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West Chicago

Caregivers: Care for others — but don't forget about you

Doctors for USA WEEKEND

 It's a noble job — taking care of an aging parent, chronically ill spouse or disabled family member. And more than 65 million Americans are serving as caregivers for loved ones, preparing meals, taking over household duties, managing doctor appointments and medications, and in some cases providing full-time assistance.

As rewarding as the role can be, caregiving is also tough, in many ways relentless, and often physically and emotionally draining. Surveys have shown that more than half of caregivers feel overwhelmed; they also report higher levels of stress than the average person, according to the American Psychological Association. But to care for others effectively, you have to look after your own well-being too. Some strategies to help keep you happy and healthy:

Recognize the warning signs of stress.

If you're irritable or exhausted most of the time, have trouble sleeping, are more forgetful or lose interest in activities you used to like, it could indicate you're under too much stress, which over time can harm your health. If you have a history of depression, pay even closer attention to the red flags — a new, small study suggests that caregiving itself doesn't necessarily cause depression but may raise the risk for those who have a vulnerability toward it.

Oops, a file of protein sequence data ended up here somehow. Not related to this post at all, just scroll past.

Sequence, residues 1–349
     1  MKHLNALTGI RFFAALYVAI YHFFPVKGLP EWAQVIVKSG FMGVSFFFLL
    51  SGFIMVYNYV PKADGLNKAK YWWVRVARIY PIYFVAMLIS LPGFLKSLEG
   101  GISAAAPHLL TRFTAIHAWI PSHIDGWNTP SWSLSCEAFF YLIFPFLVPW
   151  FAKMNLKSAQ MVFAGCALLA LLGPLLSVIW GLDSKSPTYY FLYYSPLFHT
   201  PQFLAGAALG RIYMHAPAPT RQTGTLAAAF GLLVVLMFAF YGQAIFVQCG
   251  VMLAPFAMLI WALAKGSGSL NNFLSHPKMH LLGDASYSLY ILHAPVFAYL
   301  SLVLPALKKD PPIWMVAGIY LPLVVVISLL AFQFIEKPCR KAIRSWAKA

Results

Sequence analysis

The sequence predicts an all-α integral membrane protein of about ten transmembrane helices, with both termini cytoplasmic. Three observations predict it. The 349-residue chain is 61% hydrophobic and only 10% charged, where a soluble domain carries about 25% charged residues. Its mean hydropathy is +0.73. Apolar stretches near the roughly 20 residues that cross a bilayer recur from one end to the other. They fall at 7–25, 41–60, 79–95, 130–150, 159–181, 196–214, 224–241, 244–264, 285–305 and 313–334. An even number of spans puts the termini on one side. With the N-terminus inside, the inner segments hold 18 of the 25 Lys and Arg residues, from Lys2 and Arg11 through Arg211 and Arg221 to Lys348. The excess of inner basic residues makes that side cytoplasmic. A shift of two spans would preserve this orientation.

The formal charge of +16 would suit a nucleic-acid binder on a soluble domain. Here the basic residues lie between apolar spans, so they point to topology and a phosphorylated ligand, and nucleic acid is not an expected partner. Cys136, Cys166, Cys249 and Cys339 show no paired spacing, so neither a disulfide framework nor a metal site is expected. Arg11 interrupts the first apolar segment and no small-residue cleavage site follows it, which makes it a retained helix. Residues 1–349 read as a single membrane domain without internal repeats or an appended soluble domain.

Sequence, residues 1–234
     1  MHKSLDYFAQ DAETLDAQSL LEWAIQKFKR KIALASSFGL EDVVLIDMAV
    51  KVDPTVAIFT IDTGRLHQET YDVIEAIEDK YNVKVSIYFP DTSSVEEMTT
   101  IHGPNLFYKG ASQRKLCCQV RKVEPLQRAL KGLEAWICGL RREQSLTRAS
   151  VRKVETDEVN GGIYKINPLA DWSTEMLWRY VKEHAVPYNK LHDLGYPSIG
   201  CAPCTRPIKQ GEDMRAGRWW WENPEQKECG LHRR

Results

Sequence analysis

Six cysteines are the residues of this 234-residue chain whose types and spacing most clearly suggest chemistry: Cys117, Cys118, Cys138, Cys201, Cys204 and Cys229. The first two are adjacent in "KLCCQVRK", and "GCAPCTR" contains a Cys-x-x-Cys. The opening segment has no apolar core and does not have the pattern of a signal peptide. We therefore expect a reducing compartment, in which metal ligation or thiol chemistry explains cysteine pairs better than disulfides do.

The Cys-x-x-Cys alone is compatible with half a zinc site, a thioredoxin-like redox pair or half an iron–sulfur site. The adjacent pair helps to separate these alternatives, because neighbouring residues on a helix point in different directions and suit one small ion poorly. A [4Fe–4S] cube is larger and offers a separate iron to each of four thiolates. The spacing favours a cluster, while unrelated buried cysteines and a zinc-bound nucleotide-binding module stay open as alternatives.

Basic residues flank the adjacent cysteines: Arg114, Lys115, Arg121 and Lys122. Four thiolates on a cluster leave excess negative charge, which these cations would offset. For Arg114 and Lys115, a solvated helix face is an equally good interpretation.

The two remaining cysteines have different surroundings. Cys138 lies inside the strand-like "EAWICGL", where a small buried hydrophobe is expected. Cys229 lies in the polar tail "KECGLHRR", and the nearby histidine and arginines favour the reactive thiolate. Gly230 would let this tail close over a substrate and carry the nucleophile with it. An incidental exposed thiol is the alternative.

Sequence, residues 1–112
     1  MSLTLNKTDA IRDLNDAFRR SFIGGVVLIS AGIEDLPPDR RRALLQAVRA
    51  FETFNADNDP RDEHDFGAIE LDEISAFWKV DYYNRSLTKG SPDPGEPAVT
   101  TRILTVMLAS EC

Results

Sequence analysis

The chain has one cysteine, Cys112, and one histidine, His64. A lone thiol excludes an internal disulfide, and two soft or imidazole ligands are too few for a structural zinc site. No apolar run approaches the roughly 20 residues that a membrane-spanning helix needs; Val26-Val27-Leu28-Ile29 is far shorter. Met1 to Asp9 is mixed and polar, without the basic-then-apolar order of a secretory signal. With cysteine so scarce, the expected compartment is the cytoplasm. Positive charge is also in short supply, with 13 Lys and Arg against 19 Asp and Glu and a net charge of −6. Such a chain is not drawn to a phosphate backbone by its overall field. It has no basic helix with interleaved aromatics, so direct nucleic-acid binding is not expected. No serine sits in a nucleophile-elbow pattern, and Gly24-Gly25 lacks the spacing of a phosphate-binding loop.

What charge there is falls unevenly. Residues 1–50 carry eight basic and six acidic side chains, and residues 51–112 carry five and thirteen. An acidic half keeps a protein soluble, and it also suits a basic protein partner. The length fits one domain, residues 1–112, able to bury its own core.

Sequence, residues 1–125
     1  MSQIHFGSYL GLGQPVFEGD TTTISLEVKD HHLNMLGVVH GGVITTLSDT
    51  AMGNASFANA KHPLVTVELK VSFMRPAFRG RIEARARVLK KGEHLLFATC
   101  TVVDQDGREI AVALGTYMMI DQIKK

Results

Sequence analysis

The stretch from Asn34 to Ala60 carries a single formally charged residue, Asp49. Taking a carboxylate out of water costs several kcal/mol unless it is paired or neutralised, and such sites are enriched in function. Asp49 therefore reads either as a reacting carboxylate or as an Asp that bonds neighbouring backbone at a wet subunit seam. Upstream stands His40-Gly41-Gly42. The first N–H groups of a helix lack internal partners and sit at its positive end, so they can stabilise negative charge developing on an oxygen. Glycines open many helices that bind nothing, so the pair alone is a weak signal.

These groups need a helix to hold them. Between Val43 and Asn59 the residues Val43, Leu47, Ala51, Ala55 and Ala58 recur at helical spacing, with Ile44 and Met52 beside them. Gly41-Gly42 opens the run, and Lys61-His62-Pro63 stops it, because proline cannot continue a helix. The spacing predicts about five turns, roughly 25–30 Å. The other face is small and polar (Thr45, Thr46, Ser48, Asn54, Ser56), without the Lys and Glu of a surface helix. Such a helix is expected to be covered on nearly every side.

Change the things you can.

Identify your sources of stress. Maybe you're trying to do too much; perhaps there are family disagreements or financial worries. Focus on matters over which you have control and then take a small step toward a solution, the Family Caregiver Alliance suggests. Even meeting a friend for coffee once a week or calling a financial planner can help alleviate some anxiety and stress.

Accept help.

According to some estimates, nearly one in five caregivers provides more than 40 hours of care per week. A friend could pick up groceries or run an errand; someone else could freeze some extra meals for you or even take the person you care for on a short walk a few days a week.

Seek support.

Maintaining a strong support system is key to managing the stress of caregiving, experts at the Mayo Clinic say. Set aside time each week to connect with family or friends, and consider joining a support group, which can be a good source for encouragement and advice from others in similar situations.

See your doctor.

Studies have shown caregivers are more likely to have a chronic illness, and rate their health as fair or poor. As impossible as it may feel to find the time, it's important to see your physician for checkups and screenings. Tell him you're a caregiver, and mention any health concerns or symptoms you have.


The Doctors is an Emmy-winning daytime TV show with pediatrician Jim Sears, OB-GYN Lisa Masterson, ER physician Travis Stork, plastic surgeon Andrew Ordon, health and wellness expert Jillian Michaels and psychologist Wendy Walsh. Check for local listings.

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